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The Triumph of Nonviolence in Leipzig (October 9, 1989)

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Six important Leipzig personalities issued a call for calm, which was read aloud during peace devotions in St. Nicholas Church [Nikolaikirche] and three other churches: "Our common concern and responsibility has brought us together here today. We are taken aback by the developments in our city and are searching for a solution. We all need a free exchange of views about the continuing development of socialism in our country. Therefore, the public figures whose names are being read today promise all citizens that they will apply their full power and authority to advancing this dialogue, not only within the district of Leipzig, but also with our government. We urgently request that you remain calm, so that a peaceful dialogue is possible."

This joint appeal by cabaret artist Bernd-Lutz Lange, Gewandhaus music director Kurt Masur, and theologian Peter Zimmermann, along with secretary of the SED district leadership Kurt Meyer, Jochen Pommert, and Roland Wötzel was also broadcast at 6pm by the Sender Leipzig television station and about an hour later by the local radio station. This request to speak, as committed as it was courageous, undoubtedly contributed to the day's peaceful development, though it did not play the decisive role prematurely attributed to it. Only the concentrated power of the 70,000 fearful yet unyielding people who occupied the downtown and lined the city ring forced the ultimate retreat of the armed units at around 6:25pm. It was undoubtedly these anonymous people that Christof Hein had in mind when he proposed naming Leipzig the GDR’s "City of Heroes." –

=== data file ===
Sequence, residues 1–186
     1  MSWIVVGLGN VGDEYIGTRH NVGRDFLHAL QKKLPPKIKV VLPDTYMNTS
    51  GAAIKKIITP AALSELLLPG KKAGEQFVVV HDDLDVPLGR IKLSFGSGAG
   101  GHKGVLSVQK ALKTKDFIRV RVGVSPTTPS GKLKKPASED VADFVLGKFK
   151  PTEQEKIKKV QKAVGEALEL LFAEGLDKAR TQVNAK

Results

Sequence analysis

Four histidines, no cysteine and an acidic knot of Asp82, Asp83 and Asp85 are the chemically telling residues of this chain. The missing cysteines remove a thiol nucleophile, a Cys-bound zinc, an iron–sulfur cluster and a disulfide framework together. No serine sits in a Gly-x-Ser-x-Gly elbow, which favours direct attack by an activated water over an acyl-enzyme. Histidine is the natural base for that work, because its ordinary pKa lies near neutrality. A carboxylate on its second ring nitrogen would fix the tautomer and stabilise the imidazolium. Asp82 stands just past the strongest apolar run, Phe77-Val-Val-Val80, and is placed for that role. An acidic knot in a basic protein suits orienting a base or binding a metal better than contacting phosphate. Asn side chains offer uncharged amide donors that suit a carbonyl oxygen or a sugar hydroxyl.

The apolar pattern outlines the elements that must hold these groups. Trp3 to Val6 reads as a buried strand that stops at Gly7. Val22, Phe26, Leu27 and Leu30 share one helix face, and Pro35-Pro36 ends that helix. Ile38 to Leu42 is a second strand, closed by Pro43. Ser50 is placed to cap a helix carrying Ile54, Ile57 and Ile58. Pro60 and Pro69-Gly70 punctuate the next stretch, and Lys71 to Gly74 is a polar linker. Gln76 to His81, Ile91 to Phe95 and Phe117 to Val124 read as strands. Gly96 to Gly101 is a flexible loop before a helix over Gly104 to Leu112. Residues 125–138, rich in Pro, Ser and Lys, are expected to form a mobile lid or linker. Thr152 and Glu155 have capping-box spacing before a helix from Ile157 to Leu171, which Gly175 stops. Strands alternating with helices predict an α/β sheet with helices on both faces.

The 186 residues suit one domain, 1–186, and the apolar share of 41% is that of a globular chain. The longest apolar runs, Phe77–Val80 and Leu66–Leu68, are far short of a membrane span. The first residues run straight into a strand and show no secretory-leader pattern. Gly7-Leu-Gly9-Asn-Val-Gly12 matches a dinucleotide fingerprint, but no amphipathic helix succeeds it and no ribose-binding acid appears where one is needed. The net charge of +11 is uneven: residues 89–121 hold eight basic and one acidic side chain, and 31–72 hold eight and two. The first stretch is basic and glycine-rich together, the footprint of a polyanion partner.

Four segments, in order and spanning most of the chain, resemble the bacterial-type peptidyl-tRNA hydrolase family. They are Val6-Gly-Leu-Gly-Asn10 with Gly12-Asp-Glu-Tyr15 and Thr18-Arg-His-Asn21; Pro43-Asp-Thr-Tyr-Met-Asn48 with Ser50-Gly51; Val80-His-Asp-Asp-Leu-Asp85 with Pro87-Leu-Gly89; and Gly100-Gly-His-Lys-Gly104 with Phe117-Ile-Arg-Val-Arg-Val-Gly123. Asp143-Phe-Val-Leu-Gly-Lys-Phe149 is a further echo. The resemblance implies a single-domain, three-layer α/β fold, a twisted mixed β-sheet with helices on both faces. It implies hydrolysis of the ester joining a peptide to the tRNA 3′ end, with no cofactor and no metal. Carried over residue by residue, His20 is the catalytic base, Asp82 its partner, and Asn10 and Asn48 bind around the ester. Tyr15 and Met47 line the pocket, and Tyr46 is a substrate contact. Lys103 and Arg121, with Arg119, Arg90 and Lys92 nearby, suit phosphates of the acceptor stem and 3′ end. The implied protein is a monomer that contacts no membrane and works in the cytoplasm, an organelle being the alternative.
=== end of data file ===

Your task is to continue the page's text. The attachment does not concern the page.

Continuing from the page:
On October 9th in Leipzig, the German Democratic Revolution of 1989 triumphed. On that Monday, the cry “We are the people” became the material force that gave rise to and accelerated every hesitant concession by the party and government from that point on.” [ . . . ]

Source: Preface (pp. 7-8), “Oktoberrevolution 1989” [“October Revolution 1989”], from Leipziger Demontagebuch. Zusammengestellt und mit einer Chronik von Wolfgang Schneider [Leipzig Dismantling Book. Compiled and with a Chronicle by Wolfgang Schneider] © Aufbau Verlag GmbH & Co. KG, Berlin 1990 (the original edition was published in 1990 by Gustav Kiepenheuer Verlag; Gustav Kiepenheuer is an imprint of Aufbau Verlag GmbH & Co. KG); the original German text was reprinted in Christoph Kleßmann and Georg Wagner, eds., Das gespaltene Land. Leben in Deutschland 1945-1990 [The Divided Country. Life in Germany 1945-1990]. Munich: C.H. Beck, 1993, pp. 438-40.

Translation: Jeremiah Riemer

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